HELENA — Undeterred by Mississippi's rejection of an anti-abortion measure this week, the sponsor of a similar 2012 Montana "personhood" proposal said Wednesday she will continue to work to get it on the ballot.
Mississippi voters, by 58 percent to 42 percent, on Tuesday defeated a proposed "personhood" proposal that would have amended the state's constitution to ban abortion and, opponents said, prohibited some forms of birth control.
"I'm not a person that gets discouraged, ever, and I don't grow weary," said Annie Bukacek, a Kalispell physician. "Until someone comes up with a better way to provide equal protection under the law to every human being, I'm sticking with the personhood approach."
Meanwhile, the spokeswoman for a leading Montana abortion-rights group praised the Mississippi vote and said the group is gearing up to defeat a similar measure here if it makes the ballot.
"After winning yesterday in conservative Mississippi in an off-year election, we believe the so-called personhood initiatives and similarly dangerous initiatives threatened in Montana are even more likely to be defeated," said Stacey Anderson, public affairs director of Planned Parenthood of Montana.
The defeated Mississippi amendment defined life "to include every human being from the moment of fertilization, cloning or the functional equivalent thereof."
In Montana, Bukacek's proposed 2012 constitutional initiative would say that "person" in that part of the document "applies to all human beings at every stage of development, including the stage of fertilization or conception, regardless of age, health, level of functioning, or condition of dependency."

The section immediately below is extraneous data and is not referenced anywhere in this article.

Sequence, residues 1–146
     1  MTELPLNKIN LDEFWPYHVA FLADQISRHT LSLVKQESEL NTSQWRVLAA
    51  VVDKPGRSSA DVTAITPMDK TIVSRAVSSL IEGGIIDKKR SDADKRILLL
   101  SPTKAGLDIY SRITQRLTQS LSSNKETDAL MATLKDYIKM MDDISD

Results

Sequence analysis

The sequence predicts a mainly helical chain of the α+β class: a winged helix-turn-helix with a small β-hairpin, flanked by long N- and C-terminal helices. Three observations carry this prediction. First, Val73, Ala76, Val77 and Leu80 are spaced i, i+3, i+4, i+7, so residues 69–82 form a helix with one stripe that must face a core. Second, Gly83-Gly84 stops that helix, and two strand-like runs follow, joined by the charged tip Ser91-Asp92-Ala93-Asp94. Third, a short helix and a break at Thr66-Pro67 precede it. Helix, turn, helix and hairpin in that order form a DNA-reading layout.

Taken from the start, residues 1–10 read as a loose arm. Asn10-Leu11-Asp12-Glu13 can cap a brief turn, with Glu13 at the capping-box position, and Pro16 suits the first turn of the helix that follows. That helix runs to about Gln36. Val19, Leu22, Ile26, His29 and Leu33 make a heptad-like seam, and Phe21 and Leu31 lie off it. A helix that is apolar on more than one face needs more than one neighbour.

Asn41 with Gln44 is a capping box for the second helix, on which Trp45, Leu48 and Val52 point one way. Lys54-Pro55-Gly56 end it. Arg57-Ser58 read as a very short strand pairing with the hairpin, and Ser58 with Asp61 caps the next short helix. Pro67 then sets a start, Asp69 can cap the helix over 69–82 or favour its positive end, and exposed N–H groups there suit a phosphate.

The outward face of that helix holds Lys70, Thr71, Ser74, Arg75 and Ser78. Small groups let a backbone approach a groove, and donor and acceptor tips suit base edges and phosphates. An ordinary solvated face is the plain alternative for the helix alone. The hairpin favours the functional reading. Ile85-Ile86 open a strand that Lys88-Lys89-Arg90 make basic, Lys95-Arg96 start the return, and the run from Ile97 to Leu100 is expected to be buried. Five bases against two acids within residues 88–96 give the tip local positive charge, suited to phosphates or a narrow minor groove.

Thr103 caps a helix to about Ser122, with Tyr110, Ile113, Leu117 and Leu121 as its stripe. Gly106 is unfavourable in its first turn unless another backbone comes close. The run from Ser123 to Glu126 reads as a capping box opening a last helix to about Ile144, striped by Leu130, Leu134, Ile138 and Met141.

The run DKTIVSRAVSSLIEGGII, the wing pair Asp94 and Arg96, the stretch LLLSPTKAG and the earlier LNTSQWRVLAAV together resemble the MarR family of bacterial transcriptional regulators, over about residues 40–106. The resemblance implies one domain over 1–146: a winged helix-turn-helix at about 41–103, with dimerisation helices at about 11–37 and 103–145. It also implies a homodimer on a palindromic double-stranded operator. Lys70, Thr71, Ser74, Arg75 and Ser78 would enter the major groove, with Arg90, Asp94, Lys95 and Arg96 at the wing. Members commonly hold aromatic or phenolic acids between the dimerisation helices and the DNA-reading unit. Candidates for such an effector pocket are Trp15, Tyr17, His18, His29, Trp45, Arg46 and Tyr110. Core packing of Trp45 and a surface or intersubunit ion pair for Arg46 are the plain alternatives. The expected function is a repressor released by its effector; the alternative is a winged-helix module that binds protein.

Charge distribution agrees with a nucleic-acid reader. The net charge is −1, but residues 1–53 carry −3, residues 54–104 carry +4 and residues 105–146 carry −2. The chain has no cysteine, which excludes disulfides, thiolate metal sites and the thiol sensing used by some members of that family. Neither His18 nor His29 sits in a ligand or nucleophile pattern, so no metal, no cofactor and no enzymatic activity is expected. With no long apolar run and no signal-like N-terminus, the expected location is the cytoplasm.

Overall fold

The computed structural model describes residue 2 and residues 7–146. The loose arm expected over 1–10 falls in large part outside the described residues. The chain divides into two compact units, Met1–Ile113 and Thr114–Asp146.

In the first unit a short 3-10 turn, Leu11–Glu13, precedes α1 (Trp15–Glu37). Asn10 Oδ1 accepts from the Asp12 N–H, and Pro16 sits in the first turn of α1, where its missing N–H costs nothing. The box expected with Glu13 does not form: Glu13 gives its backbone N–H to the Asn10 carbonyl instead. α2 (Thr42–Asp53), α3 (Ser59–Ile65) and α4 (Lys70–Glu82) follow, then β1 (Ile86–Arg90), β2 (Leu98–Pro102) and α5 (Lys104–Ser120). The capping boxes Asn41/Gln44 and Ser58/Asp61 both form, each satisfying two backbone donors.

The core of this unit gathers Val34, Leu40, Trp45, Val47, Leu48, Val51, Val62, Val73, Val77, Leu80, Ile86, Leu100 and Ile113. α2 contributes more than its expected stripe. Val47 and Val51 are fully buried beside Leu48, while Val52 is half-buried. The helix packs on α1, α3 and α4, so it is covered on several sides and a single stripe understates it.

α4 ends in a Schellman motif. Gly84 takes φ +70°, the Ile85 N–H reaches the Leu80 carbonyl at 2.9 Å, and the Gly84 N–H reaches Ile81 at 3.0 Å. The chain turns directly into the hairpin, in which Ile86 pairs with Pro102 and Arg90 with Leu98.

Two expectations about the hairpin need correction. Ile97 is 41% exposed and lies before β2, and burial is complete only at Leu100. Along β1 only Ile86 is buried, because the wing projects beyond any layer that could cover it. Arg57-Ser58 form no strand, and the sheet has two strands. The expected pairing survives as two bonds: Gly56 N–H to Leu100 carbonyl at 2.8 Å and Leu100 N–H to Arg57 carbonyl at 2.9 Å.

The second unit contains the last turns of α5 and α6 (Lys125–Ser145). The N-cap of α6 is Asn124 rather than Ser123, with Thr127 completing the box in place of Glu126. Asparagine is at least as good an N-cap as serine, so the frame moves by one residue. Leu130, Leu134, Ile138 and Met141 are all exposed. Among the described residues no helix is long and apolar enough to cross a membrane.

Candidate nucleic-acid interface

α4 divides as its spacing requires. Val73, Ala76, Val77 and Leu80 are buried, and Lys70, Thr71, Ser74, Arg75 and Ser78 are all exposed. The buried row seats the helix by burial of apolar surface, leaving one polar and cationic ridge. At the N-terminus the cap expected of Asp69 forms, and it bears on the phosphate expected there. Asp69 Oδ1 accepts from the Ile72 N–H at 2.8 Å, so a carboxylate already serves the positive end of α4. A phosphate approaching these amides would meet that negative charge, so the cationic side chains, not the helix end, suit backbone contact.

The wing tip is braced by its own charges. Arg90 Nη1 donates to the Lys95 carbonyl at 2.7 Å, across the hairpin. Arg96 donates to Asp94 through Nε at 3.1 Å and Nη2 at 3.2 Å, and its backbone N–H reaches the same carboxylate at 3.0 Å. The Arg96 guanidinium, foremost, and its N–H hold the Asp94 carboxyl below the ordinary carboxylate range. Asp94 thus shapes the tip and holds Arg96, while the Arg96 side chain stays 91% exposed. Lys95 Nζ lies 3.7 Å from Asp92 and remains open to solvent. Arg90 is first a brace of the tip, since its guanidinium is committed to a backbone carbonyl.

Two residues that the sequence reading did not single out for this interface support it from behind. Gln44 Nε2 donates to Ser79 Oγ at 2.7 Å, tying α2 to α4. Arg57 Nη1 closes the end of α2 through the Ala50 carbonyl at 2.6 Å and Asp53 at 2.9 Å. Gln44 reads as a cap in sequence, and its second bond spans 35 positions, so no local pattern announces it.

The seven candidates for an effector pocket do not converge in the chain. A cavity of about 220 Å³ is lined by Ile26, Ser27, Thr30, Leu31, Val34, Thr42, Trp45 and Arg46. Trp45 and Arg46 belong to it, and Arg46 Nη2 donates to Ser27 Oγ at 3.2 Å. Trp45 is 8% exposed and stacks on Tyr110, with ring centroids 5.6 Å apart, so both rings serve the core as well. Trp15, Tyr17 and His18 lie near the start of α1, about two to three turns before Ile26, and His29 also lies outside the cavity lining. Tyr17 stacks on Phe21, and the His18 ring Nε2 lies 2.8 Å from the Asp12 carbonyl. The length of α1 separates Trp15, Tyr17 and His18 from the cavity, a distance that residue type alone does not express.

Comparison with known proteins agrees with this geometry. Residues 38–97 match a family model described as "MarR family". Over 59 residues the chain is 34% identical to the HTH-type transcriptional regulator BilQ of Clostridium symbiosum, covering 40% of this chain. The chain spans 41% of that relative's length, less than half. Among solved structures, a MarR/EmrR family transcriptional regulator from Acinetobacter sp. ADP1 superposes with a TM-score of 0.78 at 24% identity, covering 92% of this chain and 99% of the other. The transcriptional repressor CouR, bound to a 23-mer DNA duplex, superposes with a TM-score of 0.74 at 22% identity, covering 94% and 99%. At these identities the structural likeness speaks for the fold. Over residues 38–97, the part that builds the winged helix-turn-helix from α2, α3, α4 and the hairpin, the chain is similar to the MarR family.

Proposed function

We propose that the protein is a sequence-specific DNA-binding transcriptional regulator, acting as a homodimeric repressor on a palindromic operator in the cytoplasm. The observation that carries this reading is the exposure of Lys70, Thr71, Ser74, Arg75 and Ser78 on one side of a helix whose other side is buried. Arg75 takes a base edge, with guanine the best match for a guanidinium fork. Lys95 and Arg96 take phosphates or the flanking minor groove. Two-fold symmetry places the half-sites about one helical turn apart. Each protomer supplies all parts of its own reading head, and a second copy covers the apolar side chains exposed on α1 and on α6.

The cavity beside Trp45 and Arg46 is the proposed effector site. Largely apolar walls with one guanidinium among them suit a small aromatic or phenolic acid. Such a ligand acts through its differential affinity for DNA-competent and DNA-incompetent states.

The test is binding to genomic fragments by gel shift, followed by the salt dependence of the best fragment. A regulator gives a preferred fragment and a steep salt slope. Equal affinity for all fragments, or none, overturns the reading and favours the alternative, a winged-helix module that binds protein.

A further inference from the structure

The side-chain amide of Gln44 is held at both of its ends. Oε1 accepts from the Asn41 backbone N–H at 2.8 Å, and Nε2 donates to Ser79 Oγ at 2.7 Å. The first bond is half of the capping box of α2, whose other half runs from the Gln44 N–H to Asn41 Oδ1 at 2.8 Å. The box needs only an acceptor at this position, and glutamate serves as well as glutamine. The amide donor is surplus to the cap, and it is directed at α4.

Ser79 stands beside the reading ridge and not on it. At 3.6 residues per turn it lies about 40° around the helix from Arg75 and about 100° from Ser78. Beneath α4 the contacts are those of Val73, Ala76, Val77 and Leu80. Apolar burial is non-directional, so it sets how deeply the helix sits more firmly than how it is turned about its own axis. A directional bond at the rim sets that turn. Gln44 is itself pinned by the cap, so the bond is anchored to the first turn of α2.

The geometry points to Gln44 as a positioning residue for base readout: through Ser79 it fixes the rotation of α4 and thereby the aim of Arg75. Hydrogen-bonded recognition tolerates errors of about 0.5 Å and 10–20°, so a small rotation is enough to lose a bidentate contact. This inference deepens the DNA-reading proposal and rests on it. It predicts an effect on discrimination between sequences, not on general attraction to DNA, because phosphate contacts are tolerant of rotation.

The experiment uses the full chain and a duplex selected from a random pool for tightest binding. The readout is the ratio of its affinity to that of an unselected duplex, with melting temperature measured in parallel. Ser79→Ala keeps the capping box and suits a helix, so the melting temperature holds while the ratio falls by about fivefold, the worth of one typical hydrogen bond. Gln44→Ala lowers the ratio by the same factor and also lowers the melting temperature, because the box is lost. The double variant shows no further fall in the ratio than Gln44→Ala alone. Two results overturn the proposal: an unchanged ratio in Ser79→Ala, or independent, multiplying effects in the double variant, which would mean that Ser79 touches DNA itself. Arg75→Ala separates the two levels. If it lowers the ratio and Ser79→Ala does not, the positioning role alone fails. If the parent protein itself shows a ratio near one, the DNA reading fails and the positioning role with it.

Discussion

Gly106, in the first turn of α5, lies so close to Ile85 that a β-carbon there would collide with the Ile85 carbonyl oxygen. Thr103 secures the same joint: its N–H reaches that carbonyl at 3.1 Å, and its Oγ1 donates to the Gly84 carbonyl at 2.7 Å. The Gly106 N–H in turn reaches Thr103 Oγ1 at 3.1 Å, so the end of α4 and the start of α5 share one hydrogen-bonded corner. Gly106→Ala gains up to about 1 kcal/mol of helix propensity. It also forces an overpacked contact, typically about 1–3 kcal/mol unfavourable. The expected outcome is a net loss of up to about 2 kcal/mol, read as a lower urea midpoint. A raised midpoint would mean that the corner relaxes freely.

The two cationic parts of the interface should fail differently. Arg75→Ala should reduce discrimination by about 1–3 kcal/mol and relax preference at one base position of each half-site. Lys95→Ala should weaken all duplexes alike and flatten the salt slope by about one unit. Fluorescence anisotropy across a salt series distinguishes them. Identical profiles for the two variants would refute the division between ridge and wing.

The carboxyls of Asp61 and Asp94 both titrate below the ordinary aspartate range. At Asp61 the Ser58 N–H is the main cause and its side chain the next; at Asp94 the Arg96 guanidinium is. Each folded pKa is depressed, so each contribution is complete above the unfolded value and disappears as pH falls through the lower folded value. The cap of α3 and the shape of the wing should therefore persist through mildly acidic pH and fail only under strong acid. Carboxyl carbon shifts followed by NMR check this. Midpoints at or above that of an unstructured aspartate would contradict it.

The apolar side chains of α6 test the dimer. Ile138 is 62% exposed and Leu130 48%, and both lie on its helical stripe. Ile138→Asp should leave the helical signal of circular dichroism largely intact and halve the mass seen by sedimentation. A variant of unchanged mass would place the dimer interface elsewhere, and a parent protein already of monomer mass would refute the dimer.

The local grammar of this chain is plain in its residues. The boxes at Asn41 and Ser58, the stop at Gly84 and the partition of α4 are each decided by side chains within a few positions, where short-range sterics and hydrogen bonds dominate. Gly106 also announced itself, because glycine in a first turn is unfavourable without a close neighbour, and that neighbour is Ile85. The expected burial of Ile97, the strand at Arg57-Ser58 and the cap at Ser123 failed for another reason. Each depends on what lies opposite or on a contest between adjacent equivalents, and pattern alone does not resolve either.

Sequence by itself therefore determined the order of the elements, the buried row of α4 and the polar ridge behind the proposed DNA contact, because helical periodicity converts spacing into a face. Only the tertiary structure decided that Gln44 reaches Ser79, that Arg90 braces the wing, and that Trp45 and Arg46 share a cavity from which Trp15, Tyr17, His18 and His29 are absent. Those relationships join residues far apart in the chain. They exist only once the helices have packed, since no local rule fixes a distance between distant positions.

She said the language proposed in Montana differs somewhat from what was on the ballot in Mississippi, but "it is similar in that it declares personhood for the unborn."
Anderson said the difference between the proposals in the two states "is really a technicality, but the intent is the same, and that's to establish personhood in the constitution and make a fertilized egg have the same constitutional rights as a woman."
Backers of the proposed "personhood" constitutional amendment have failed to muster the necessary votes in the 2007, 2009 and 2011 legislative sessions to put it on the ballot.
Bukacek and others have mounted initiative efforts but failed to gather enough signatures to put a "personhood" constitutional amendment on the ballot in 2008 and 2010.
This year, Bukacek submitted one constitutional initiative on May 2 but later withdrew it.
She dropped in a similar measure, CI-108, on July 14. It was approved for signature gathering on Oct. 18.
Qualifying a constitutional initiative for the ballot requires the signatures of 10 percent of the total voters in the state -- or 48,674 -- including those of 10 percent of the voters in each of 40 of the 100 state House districts.
Anderson said CI-108 opponents haven't seen much signature-gathering activity so far, but are gearing up to fight it anyway as being "too far-reaching for Montanans."
Another abortion measure that is guaranteed a spot on the ballot is Legislative Referendum 120, which requires parents to be notified before a minor daughter gets an abortion.
That measure was put directly on the ballot by the 2011 Legislature as a referendum, which doesn't go to the governor to sign into law or veto.
A district judge struck down a similar parental notification measure as unconstitutional in 1999, saying it violated several Montana's constructional rights — privacy, equal protection and the rights of minors.